February 5, 2007
TT: LandmarkOur Girl and I received our two millionth page view at 9:05 yesterday morning. (The lucky viewer, in case you're curious, was from Lee's Summit, Missouri, Pat Metheny's home town.) That’s small potatoes by the high-flying standards of such heavily trafficked political blogs as Instapundit or Daily Kos, but a pretty respectable total for an artblog sneaking up on on its fourth anniversary.
I put up our first posting on July 14, 2003. Since that day we’ve watched artblogging evolve from a rarity into a commonplace. I wrote about the process in a long essay called “Culture in the Age of Blogging” published last year in Commentary. Here’s how it ended:
It may be that blogging will encourage the creation of a new kind of common culture, exerting something of the same unifying force as did the old middlebrow media (and as About Last Night seeks to do). Or not: if the experience of political blogs is any indication, blogging may be more likely to foster discrete subcultures of shared interest, larger and more cohesive but nonetheless separate….
One thing of which I am sure is that the common culture of my youth is gone for good. It was hollowed out by the rise of ethnic “identity politics,” then splintered beyond hope of repair by the emergence of the web-based technologies that so maximized and facilitated cultural choice as to make the broad-based offerings of the old mass media look bland and unchallenging by comparison. For all the nostalgia with which I look back on the days of the Top 40, the Book-of-the-Month Club, and The Ed Sullivan Show, I prefer to make my own cultural decisions, and I welcome the ease with which the new media permit me to do so.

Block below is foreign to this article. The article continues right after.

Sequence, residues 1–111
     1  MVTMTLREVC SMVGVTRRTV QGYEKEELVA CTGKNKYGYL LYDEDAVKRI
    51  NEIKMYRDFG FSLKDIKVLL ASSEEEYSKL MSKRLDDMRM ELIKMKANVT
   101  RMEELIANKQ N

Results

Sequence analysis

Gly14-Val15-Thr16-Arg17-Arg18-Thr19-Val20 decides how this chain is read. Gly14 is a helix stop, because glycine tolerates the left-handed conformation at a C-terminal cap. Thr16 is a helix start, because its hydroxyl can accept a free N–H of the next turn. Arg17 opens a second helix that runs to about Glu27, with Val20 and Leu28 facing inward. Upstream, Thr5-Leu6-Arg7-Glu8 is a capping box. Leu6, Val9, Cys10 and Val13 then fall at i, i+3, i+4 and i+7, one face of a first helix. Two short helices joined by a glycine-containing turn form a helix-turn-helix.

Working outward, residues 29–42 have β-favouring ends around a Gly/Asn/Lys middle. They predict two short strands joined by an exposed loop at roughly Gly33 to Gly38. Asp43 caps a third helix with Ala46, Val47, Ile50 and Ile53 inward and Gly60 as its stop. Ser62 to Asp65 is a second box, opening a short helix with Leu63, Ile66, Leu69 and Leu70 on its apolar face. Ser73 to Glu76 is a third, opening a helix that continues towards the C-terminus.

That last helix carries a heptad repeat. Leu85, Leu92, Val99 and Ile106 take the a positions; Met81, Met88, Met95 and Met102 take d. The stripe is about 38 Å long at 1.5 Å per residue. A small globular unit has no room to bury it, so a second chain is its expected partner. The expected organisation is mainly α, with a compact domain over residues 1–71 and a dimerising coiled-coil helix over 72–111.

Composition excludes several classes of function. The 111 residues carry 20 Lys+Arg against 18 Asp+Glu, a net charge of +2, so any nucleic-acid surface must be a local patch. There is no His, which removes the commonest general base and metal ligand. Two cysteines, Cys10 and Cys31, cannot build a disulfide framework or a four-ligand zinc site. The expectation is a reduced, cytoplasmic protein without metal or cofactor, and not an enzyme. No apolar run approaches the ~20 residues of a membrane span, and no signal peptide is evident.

At the same time, however, I still feel the need for a common space in which Americans can come together to talk about the things that matter to us all. And so my hope is that the blogosphere, for all its fissiparous tendencies, will evolve over time into just such a space. No doubt there will always be shouting in the blogosphere, but it need not all be past each other. When the history of blogging is written a half-century from now, its chroniclers may yet record that the highest achievement of the Internet, a seemingly impersonal piece of postmodern technology, turned out to be its unprecedented ability to bring creatures of flesh and blood closer together.
The jury is still out on the larger question of whether blogging as a whole is more divisive than unifying, but I think by now it’s perfectly clear that artblogging is becoming an important and increasingly significant aspect of world culture. In the eight hours leading up to our two millionth page view, we received visitors from Australia, Bulgaria, France, India, Italy, Japan, New Zealand, Pakistan, the Philippines, Poland, Scotland, Singapore, South Africa, Spain, Switzerland, Turkey, the United Arab Emirates, and (I especially like this one) Elmers End.
As for Our Girl and me, we’ve poured a considerable amount of time, energy, and (occasionally) grief into this site, all of it for free, and we don’t regret a bit of it. In the process we’ve made some close friends, and we’ve also made the acquaintance of a legion of readers whose continuing interest in what we do is the main reason why we continue doing it.
To all of you from both of us, our heartfelt thanks for stopping by. And don’t worry—we’ll still be here tomorrow.
Posted February 5, 2007 12:00 PM